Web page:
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Fifth Sunday In Lent
Series B

Option One: "The Growing Cycle in God's Kingdom"
John 12:20-26
Rev. Wayne Dobratz, M.Div.

  I. Death--John 12:32-33; Ps 22:15c; Isa 53:10-12

 II. New Life--Matt 10:39, 16:25ff, 19:29; Mark 8:35; Luke 9:23ff, 17:32-33; Rev 12:11

III. Multiplication--v24; John 12:32-33; Psalm 22:30-31; Isa 53:11-12; Heb 2:9-10; Rev 7:9-17

Richard Lenski writes re John 12:24: "The point of comparison is fruit through dying. As in nature, so in Jesus. ...If a grain of wheat be not put into the soil, it will indeed not die, but it will remain alone and produce nothing. ...But if the grain falls into the earth, dies and is consumed, it brings much fruit. So the Son of Man, God’s incarnate Son, by dying will produce millions of children of God, fruit in most glorious abundance. ...In this petition of Greeks Jesus sees the great harvest that will go on and on as the product of the great Grain of Wheat (Jesus) which fell in the earth."

Re verse 25: "The children of God are all like Jesus as regards loving their life; they aim to achieve something higher, that is, eternal life. HE WHO LOVES HIS LIFE WILL LOSE IT. He who clings to his earthly life with passionate attachment, Jesus says, by that very act of clinging to it with such love will lose it.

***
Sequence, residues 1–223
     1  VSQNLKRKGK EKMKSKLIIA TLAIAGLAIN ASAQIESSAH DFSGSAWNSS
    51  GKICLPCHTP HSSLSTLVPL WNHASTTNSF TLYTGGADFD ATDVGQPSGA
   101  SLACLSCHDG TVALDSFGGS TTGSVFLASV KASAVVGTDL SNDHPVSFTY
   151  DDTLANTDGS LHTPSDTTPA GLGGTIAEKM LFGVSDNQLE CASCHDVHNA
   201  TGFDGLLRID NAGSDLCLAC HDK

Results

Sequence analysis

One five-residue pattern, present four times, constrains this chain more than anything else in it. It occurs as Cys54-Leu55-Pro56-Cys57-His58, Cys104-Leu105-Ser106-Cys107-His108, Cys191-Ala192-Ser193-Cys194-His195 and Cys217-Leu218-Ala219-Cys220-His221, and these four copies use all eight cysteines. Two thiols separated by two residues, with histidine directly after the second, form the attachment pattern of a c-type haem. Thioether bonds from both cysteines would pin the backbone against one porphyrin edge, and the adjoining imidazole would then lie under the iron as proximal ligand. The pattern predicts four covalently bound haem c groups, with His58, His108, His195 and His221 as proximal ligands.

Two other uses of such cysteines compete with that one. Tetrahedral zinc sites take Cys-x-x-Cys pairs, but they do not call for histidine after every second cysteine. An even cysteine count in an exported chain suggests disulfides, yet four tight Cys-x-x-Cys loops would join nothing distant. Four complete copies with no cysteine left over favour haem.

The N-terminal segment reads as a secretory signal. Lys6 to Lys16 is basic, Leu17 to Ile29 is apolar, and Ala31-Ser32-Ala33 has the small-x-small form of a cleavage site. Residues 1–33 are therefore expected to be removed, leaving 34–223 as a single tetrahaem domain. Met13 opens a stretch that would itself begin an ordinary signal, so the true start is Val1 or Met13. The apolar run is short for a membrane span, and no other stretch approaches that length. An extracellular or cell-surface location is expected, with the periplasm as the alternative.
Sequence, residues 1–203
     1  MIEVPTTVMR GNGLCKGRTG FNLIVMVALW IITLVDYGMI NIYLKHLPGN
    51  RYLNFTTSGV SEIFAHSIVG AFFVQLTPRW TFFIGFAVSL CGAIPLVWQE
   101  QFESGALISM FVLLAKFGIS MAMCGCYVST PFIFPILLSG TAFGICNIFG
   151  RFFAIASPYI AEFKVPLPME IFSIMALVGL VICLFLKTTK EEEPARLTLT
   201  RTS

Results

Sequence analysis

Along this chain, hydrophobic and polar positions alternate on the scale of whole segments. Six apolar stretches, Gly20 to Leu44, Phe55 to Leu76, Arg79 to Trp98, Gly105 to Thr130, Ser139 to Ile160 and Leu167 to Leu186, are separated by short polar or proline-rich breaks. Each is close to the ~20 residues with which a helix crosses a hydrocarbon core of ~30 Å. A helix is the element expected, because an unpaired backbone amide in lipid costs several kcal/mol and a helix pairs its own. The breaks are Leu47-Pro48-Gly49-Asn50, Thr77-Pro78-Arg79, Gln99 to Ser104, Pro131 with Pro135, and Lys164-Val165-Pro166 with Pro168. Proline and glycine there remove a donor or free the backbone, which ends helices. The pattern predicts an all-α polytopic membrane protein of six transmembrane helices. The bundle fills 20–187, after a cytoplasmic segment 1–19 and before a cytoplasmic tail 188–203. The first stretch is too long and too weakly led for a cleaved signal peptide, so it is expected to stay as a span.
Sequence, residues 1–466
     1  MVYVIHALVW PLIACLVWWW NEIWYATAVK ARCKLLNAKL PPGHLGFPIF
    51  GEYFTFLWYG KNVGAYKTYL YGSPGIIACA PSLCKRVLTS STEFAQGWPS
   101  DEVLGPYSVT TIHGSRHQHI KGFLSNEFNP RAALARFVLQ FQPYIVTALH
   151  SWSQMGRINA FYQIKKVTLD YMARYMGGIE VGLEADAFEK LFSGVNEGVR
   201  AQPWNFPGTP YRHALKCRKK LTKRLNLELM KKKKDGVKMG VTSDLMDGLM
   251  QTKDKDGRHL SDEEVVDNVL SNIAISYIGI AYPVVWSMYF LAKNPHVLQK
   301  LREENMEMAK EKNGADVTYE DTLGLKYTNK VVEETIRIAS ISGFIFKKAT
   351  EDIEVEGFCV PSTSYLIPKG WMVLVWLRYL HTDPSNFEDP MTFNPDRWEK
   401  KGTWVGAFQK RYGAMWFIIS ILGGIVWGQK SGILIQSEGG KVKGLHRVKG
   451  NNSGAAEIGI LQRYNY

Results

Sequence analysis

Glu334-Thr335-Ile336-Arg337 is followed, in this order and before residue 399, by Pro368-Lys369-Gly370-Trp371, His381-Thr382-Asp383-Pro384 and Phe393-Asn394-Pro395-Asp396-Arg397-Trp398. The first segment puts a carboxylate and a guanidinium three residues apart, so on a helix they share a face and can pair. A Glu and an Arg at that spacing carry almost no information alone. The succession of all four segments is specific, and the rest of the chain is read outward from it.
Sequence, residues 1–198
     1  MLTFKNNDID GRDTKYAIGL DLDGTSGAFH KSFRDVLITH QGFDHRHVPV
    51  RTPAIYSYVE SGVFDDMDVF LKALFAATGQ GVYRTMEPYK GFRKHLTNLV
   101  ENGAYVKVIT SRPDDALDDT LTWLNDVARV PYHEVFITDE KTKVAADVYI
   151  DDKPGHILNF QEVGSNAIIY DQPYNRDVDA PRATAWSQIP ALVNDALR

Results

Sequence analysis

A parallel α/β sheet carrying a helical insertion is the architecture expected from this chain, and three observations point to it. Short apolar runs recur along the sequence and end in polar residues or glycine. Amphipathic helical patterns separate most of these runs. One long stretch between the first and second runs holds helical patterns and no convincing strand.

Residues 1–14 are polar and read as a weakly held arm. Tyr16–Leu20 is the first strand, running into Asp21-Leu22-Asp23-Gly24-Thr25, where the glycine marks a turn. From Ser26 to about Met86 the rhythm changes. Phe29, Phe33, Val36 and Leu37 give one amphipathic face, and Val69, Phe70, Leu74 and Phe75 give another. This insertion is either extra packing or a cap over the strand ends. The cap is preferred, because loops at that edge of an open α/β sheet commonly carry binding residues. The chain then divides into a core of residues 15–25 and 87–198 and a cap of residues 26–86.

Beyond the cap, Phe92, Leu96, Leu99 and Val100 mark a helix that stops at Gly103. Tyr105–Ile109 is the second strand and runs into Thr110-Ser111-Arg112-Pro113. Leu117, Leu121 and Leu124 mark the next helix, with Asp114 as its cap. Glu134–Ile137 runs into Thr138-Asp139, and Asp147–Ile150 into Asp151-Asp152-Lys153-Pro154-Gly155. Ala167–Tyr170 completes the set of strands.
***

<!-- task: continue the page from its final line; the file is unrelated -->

The world is full of these blind lovers who love themselves to their undoing. Many will at last hate themselves bitterly for not having hated themselves properly in this life. HE WHO HATES HIS LIFE IN THIS WORLD--that is, he who is ready to go contrary to his natural inclinations and desires in this life, to wound, grieve, deny, crucify, mortify self in repentance and in sanctification. ...To follow Jesus is to keep close to him, to walk in the path of his choosing (true obedience), to hear his voice and word (not relying on our own wisdom). Service and following always go together. Yet it has been said--only too truly--that Jesus has many admirers, but few followers." (Richard Lenski, Interpretation of John, pp862ff, passim)